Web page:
Roadmap for sustainable cement production in Denmark

Aalborg Portland's 2030 roadmap - part of the solution in Denmark's green transformation.
With the "Roadmap for sustainable cement production in Denmark", Aalborg Portland commits to a CO2 reduction target of 30% by 2030 and will be able to become CO2-neutral with the right framework conditions. At the same time, the plan shows how Aalborg Portland also contributes positively to the green transition for other sectors.


Cement is – as the most important component in concrete - the world's most widely used building material and an indispensable material for construction and infrastructure. However, cement production is energy-intensive and emits large amounts of CO2, and Aalborg Portland therefore has a particular obligation to contribute to fulfilment of the government's climate goals.

Aalborg Portland, Denmark's sole cement producer and a part of the international Cementir Group, has for decades focused on sustainability and has invested massively in green production. Now, Aalborg Portland is taking a large step forward by defining its role in the green transformation over the next 10 years.

In "Roadmap for sustainable cement production in Denmark", Aalborg Portland commits to a CO2 reduction target of 30% by 2030. This accounts to an annual saving of 660,000 tonnes of CO2 in 2030 compared to current emissions. But the vision is even more ambitious - to be able to supply CO2 neutral cement as early as 2030, and for all cement production in Denmark to be CO2 neutral by 2050. However, this vision is dependent on a number of political framework conditions and decisions:

“We have set ourselves an ambitious, but realistic, target with a 30% CO2 reduction by 2030, which we can reach with the current conditions. If the political framework conditions and decisions allow, we can reduce by even more, contributing to the national target of a 70% CO2 reduction by 2030,” says Aalborg Portland’s Managing Director Michael Lundgaard Thomsen.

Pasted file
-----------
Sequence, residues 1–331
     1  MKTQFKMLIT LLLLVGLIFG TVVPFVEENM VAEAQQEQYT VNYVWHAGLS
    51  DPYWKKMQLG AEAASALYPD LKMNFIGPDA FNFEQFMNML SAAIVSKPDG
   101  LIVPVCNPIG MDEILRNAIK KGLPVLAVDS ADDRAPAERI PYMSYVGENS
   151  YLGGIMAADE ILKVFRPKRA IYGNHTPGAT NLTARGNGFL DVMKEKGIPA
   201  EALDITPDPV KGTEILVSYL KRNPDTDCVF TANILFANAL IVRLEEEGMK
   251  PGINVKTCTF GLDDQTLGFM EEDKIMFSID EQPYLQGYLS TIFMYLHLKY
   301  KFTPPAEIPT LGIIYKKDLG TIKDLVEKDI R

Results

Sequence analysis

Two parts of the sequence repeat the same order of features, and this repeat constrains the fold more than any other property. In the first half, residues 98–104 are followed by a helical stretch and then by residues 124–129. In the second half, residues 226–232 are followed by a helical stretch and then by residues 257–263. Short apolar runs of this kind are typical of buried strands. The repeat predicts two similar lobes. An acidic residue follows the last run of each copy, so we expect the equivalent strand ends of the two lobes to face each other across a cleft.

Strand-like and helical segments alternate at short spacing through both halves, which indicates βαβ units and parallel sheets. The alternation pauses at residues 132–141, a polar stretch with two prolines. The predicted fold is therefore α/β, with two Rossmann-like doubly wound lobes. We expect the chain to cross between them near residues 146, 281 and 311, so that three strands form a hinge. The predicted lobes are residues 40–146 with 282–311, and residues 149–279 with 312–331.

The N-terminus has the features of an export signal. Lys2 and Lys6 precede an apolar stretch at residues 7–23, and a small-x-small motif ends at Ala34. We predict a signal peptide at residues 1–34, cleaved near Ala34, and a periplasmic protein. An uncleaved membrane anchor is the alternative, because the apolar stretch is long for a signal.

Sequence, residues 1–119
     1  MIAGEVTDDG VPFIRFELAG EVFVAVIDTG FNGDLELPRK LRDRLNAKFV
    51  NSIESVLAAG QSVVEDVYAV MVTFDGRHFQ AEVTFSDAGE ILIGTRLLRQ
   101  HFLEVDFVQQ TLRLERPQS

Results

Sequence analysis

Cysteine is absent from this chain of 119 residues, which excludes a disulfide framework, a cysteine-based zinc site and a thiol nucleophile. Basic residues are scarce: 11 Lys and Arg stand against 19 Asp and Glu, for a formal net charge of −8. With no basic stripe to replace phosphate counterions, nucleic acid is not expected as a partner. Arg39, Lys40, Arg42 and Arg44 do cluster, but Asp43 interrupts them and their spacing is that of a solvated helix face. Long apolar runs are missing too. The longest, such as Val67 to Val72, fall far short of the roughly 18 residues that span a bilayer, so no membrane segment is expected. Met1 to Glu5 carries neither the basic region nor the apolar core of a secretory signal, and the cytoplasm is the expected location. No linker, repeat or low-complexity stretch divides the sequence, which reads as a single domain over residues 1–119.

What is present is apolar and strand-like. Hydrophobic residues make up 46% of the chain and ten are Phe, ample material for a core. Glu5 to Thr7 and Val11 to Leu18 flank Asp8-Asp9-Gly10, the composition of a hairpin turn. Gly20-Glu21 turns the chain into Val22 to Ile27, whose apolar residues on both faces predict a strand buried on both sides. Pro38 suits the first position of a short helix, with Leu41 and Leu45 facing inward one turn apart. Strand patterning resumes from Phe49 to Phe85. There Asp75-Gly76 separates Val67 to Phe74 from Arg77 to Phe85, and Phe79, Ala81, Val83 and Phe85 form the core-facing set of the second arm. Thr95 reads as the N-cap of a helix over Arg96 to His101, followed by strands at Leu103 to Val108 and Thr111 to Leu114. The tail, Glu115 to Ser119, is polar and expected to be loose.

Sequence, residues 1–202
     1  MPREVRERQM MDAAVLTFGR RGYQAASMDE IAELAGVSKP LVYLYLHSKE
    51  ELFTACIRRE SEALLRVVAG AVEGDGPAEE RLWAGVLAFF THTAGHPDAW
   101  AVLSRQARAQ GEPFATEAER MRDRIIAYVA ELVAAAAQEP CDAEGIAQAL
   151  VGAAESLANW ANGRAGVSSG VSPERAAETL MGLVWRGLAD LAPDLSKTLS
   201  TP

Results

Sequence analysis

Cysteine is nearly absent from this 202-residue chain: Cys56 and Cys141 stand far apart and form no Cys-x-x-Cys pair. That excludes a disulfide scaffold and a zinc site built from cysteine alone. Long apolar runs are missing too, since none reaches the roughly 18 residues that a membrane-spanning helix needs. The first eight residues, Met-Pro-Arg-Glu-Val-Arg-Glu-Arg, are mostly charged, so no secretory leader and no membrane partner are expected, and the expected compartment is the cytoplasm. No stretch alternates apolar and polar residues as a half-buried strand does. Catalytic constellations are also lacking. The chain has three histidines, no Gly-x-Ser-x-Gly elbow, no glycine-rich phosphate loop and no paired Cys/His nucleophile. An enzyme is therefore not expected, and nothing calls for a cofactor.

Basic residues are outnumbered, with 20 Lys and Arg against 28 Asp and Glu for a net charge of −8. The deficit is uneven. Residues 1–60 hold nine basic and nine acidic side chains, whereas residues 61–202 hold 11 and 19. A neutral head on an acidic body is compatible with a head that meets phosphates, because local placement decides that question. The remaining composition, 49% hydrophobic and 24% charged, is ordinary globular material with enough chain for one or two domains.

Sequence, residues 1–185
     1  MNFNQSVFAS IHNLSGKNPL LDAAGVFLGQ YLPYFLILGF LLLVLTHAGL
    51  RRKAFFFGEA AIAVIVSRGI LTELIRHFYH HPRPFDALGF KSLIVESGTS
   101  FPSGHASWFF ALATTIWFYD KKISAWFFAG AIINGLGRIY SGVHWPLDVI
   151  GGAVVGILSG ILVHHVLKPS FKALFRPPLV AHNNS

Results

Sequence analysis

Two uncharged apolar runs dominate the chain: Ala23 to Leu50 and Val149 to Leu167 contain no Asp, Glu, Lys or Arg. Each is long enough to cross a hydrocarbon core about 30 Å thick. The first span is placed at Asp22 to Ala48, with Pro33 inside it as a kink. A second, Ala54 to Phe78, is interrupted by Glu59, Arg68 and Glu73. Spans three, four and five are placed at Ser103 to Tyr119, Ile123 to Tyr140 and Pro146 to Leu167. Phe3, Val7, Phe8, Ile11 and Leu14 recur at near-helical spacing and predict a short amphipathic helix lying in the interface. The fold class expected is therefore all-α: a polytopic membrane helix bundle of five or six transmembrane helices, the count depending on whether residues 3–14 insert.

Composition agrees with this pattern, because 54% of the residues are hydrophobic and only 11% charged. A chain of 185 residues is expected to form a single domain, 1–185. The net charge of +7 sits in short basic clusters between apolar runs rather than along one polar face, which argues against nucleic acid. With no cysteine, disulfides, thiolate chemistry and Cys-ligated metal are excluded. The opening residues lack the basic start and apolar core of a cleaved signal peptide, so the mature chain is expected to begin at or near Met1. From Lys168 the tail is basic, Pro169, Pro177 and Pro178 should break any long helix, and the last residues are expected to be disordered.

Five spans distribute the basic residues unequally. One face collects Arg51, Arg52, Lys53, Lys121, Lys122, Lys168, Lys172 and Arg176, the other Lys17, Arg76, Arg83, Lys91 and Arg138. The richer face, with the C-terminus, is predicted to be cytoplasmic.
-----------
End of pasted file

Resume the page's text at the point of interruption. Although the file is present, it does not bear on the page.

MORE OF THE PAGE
Aalborg Portland points specifically to four areas that will not only smooth Aalborg Portland's path towards a 70% reduction, but also benefit the entire green transformation of energy-intensive industry: Access to CO2 neutral fuels at competitive prices, state support for CO2 capture, stimulation of the demand for sustainable solutions by green requirements in public tenders, and last but not least, avoidance of anti-competitive special taxes, such as a national CO2 tax, in order to provide economic headroom for investment in green transformation.

But Aalborg Portland's vision do not stop at CO2 neutrality. The Aalborg factory is already among the world's most resource-efficient, and the longstanding focus on circular partnerships in the local area has meant that the capital of North Jutland is home to one of Denmark’s largest industrial symbioses with Aalborg Portland as the main player.

Accordingly, Aalborg Portland will, in the future, be able to transition from CO2 neutral to CO2 negative cement production if its CO2 emissions are reduced by 100% and if the company continues to deliver sustainable district heating to the citizens of Aalborg, supplies district cooling to local companies and the new university hospital, and also recycles other industry wastes as alternative fuels and raw materials in its cement production. Specifically, surplus heat from the Aalborg factory can eventually heat 75,000 households in the immediate area, and more than 600,000 tonnes of waste from other industries are already currently recycled as alternative fuels, replacing a similar amount of fossil fuels.

Furthermore, Aalborg Portland points out that CO2 from heavy industry can become a valuable resource in the production of future green fuels for the aircraft industry and heavy transport.

“We are an integral part of the solution when it comes to Denmark’s green transformation, and our longstanding focus on circular economy is living proof of this. We work constantly to expand the scope of our industrial symbioses, and in partnership with Aalborg University we are also studying how our CO2 can be used for Power-to-X and production of green fuels in the future,” explains Michael Lundgaard Thomsen and continues:

“Our green transformation is therefore not just about cement and CO2 because with our circular partnerships we can contribute actively to the green transformation throughout Denmark. But it is clear, that if such a far-reaching vision as CO2 negative cement can gain political support, Aalborg Portland could become one of the most sustainable cement producers in the world, something which implies significant export potential. This will at the same time provide Denmark with a green leader’s jersey in one of the most fundamental areas of the construction industry.”

Over the next three years, Aalborg Portland and its parent group Cementir have allocated around EUR 100m to investment projects designed to strengthen the sustainability of the group's factories. A large part of this investment will be managed from Denmark, which is also home to the group's global research and development department in Aalborg. This facility has spearheaded the group's sustainable initiatives for several decades - most recently with the development of FutureCEM, which is the world's most environment-friendly cement with up to 30% lower CO2 footprint. FutureCEM is expected on the market later this year.